A gentle picture book about friendship, patience, and love.

THE LONGER THE WAIT, THE BIGGER THE HUG

From the Hedgehog & Friends series

All winter long, Hedgehog hibernates.

During this long sleep, Hedgehog dreams of Tortoise. Hedgehog and Tortoise are best friends, and the cold winter months are hard to survive without their usual best-friend hugs. When spring finally arrives, Hedgehog wakes up, eager to find Tortoise and to get that long-awaited hug. But Tortoise is missing, and no matter how hard Hedgehog looks, they can’t find their best friend. Although disappointed, Hedgehog tries to make the best of things. But Badger’s paws are too sticky to hold, Magpie turns out to be an extremely demanding beach playmate, and Squirrel is a disaster at hide-and-seek. Hedgehog keeps looking for Tortoise, but when Tortoise is still missing, Hedgehog starts to lose hope. Eventually, a wise owl advises Hedgehog that sometimes, if the wait is long, the reunion is especially rewarding—in other words, “the longer the wait, the bigger the hug.” Happily, Hedgehog’s patience pays off, and when Hedgehog and Tortoise are reunited (it turns out Tortoise slightly overslept), their first hug is as epic as Owl promised—so epic that the whole forest comes out to celebrate. This sweet, gentle picture book perfectly pairs sincere and humorous text with watercolor-and-pen sketches that utilize a soothing pastel palette. The storyline is simple, clean, and lively, and the book’s message makes it the perfect tool to start conversations about missing friends and family.

A gentle picture book about friendship, patience, and love. (Picture book. 2-5)

Pub Date: Sept. 7, 2021

ISBN: 978-0-571-37038-2

Page Count: 32

Publisher: Faber & Faber

Review Posted Online: July 14, 2021

Kirkus Reviews Issue: Aug. 1, 2021

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A good choice for caregivers looking for a positive, uncomplicated introduction to a new baby that focuses on everything an...

I AM A BIG BROTHER

A little boy exults in his new role as big brother.

Rhyming text describes the arrival of a new baby and all of the big brother’s rewarding new duties. He gets to help with feedings, diaper changes, playtime, bathtime, and naptime. Though the rhyming couplets can sometimes feel a bit forced and awkward, the sentiment is sweet, as the focus here never veers from the excitement and love a little boy feels for his tiny new sibling. The charming, uncluttered illustrations convincingly depict the growing bond between this fair-skinned, rosy-cheeked, smiling pair of boys. In the final pages, the parents, heretofore kept mostly out of view, are pictured holding the children. The accompanying text reads: “Mommy, Daddy, baby, me. / We love each other—a family!” In companion volume I Am a Big Sister, the little boy is replaced with a little girl with bows in her hair. Some of the colors and patterns in the illustrations are slightly altered, but it is essentially the same title.

A good choice for caregivers looking for a positive, uncomplicated introduction to a new baby that focuses on everything an older sibling can do to help. (Board book. 2-4)

Pub Date: Jan. 27, 2015

ISBN: 978-0-545-68886-4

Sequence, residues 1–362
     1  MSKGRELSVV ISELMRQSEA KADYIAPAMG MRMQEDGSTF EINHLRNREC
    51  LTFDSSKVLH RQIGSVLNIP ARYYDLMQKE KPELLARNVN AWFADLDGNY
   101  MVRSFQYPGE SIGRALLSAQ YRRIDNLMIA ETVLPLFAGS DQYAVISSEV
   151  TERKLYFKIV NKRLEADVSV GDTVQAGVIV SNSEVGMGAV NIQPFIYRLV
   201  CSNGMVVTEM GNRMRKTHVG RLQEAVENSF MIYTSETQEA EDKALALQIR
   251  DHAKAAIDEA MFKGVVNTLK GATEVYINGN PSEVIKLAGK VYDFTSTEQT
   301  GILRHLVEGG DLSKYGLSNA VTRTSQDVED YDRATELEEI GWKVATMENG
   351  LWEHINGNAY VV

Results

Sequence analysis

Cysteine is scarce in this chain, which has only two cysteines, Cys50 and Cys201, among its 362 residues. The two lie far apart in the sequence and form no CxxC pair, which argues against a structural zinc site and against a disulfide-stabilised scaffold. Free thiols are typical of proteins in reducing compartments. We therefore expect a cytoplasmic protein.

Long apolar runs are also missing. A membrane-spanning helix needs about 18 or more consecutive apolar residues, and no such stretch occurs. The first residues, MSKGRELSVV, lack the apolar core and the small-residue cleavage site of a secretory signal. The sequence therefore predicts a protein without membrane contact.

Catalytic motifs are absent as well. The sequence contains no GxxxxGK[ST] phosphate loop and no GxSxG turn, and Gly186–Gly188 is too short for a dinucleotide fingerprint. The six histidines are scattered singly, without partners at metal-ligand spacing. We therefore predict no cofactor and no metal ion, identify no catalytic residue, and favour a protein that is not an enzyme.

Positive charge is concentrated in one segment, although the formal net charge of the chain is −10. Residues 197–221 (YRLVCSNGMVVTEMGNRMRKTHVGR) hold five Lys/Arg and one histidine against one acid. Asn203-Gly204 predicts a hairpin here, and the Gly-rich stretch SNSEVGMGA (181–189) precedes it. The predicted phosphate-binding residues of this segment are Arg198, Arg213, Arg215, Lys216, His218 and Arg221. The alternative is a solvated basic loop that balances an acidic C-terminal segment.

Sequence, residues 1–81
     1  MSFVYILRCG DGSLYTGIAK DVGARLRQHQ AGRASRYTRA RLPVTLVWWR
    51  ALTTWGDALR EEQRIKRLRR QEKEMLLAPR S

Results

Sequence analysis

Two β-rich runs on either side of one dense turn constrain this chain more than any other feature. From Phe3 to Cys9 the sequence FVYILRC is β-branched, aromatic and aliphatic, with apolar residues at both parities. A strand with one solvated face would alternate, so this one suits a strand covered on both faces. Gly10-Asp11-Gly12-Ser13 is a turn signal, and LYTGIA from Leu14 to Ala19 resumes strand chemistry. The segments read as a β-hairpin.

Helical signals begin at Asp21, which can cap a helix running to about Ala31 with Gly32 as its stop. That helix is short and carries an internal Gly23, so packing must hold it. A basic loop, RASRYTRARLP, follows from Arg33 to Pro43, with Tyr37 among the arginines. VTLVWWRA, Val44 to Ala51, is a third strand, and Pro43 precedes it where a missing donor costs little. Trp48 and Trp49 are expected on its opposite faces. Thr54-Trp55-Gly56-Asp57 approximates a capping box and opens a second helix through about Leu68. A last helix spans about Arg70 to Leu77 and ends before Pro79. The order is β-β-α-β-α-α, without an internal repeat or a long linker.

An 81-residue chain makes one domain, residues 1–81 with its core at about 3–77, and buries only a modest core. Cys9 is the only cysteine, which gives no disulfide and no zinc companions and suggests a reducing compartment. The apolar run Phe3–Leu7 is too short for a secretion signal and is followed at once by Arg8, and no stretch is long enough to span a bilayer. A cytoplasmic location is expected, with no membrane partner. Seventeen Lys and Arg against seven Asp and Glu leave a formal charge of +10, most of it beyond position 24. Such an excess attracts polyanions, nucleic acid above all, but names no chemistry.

Page Count: 24

Publisher: Cartwheel/Scholastic

Review Posted Online: March 17, 2015

Kirkus Reviews Issue: July 1, 2015

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Grown-ups be warned: Young fingers will delight in pressing the tractor’s buttons (and yours!) over and over.

NOISY TRACTOR

From the I Can Learn series

Little ones can explore a day in the life of a rubber-covered, audio-enabled tractor.

The “5 noisy parts!” promised on the cover are powered by a battery embedded in the back of the book, the compartment securely screwed shut. Youngsters are prompted by the text to press various parts of the tractor to make interesting sound effects, such as an engine starting then chugging, a horn, and tire noise on muddy or rocky terrain. A large, tractor-shaped die-cut hole in every page allows children to access the vehicle on every double-page spread but leaves the left-hand pages dominated by that tractor-shaped hole. Farm animals make their signature sounds via speech bubble (horses, chicks, and cows, to name a few) along with other critters offering suggestions about which buttons on the tractor to press. For additional play value, a ladybug and a caterpillar can be spotted on every double-page spread. Labels for most of the animals appear in a clear font along with other farm-centric vocabulary words: pitchfork, seedlings, trough. Elliott’s art is busy, but the simple, eye-catching patterns and graphically clean lines in bright colors will appeal to the audience. While this offering is perfect for toddlers, the extensive warnings in the fine print on the back of the book about what may happen if the button battery is swallowed should scare adults into being vigilant. Thankfully, there is an on/off switch allowing for toggling between a quiet and noisy reading experience.

Grown-ups be warned: Young fingers will delight in pressing the tractor’s buttons (and yours!) over and over. (Novelty board book. 2-4)

Pub Date: Jan. 12, 2021

ISBN: 978-1-68010-669-5

Page Count: 12

Publisher: Tiger Tales

Review Posted Online: March 31, 2021

Kirkus Reviews Issue: April 15, 2021

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